Lavender - the ideal location in the garden and on the balcony
- The ideal location in the garden
- The ideal location on the balcony
Lavender is a plant with at least Mediterranean or even warmer home, the most important in the ideal location - whether garden or balcony - is therefore a protected, warm location and sun, sun, sun. The other claims of a lavender are rather easy to fulfill.
The more cuddly, warmer and sunnier the place is that you think of a lavender, the more abundant and rich in essential oils (scent, aroma) is the flowering, the sooner an "almost winter-hardy" lavender will come well over the winter. This is how the location of your lavender should look like.
The ideal location in the garden
Lavender has a few but strong claims that you should meet and can do with very little effort:
- It needs a sunny location, in all areas of origin of lavender the sun shines much longer than ours
- The location should also be well protected, in the lee of a wall or higher plants
- In fact, lavender does not like cold and strong wind at all, and certainly not in winter
- However, a lavender may not stand too much, because it does not like high humidity
- For the same reason - increase in humidity - lavender should not be mulched (especially not with acid bark mulch)
- It would be perfect, if the sun is barely held by the slipstream and warm breezes ever come over
- Lavender grow in their home mostly on dry (mountainous) soils, and the soil in the garden should be well drained and certainly no moisture damaging
- A location on a hill, which is often quite dry in the summer, is often accepted, with dry phases lavender gets along well
- Heavy to medium soils should be made more permeable and lean by intermixing sand
- In fact, lavender does not like too much nutrients; it is used to a rather barren supply
- Add a little bit of lime, lavender grows best in soils with pH values of 6.5 - 8.3
- An exception is the Lavandula stoechas (Schopflavendel), which tolerates only lime-free to slightly acidic soils
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Note: Lavender is not a neighbor to moor-bed plants like some rhododendrons because they grow in acidic soil.
In addition, lavender is only marginally a neighbor to roses, although the partnership "lavender and roses" is so often summoned: although roses tolerate similar soil pH levels (5.5-7), they need significantly more nutrients for their abundant flowering than the frugal lavender. Therefore, lavender should never be planted between roses (and never in a tub of roses), but at most outside in the bed, around them. The roses then get compost in the spring in proper distance to the lavender, only this is how this neighborhood works.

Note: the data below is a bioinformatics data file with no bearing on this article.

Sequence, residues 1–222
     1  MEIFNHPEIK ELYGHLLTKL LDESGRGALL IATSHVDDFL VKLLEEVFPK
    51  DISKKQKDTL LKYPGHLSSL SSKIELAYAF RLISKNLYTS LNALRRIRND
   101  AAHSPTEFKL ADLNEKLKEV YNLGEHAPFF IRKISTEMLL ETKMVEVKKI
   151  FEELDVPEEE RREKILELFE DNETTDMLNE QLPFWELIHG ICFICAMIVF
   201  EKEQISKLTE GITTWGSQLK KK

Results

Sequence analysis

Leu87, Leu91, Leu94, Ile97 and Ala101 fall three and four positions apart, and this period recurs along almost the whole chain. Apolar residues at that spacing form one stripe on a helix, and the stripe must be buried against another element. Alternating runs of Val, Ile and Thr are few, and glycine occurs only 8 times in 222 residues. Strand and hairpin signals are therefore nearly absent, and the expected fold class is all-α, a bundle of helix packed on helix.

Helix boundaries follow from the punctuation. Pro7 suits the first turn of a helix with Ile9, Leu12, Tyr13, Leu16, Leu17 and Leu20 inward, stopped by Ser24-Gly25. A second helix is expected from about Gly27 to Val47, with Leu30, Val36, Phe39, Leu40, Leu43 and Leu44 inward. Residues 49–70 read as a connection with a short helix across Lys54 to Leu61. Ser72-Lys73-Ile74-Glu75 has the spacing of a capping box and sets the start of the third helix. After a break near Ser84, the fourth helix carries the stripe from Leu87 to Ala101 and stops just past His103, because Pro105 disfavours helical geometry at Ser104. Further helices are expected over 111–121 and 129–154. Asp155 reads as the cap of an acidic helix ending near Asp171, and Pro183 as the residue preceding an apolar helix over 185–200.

The ideal location on the balcony
On the balcony, of course, lavender has no other requirements than a lavender in the garden. If your balcony is in the right location, you can even better meet those demands:
- In densely populated areas, the climate is noticeably milder than in the open countryside in the surrounding area
- Houses designed by thinking architects are illuminated by the sun for a good part of the day, as is the balcony in front of the house
- If a sheltered sunbathing spot on a warm wall can be found on such a balcony, then this is the premium location for a lavender
- Incidentally, in Germany lavender tolerates every sun, even the blazing midday sun
- The bucket must be big enough, root + a few inches to the sides and down
- If you buy a lavender in a pot, it should also be quickly repotted in this bucket
- Most of these plants are not in the best substrate, often more roots than soil in the pot
- As ground he gets garden soil, if necessary potting soil with fine sand / gravel in the tub, like with a little bit of lime
- It is important to have a working drainage layer in the bucket, with a drain hole protected by potsherds or larger pebbles
- Thus, excess irrigation water can always run off, but lavender should rather be poured sparingly, the earth may not dry out completely
- That's it, in spring after the cut a little organic fertilizer, mulching with white sand to increase the abundance of flowers
- Lavender in the bucket is repotted when it is too narrow in the old pot, possibly trimming the root tips, in the next larger bucket
Otherwise, you only have to cut your lavender enough to prevent it from lignifying, to give it protection in winter and some water on frost-free days, and even to bring it to the house in the event of excessive frosts.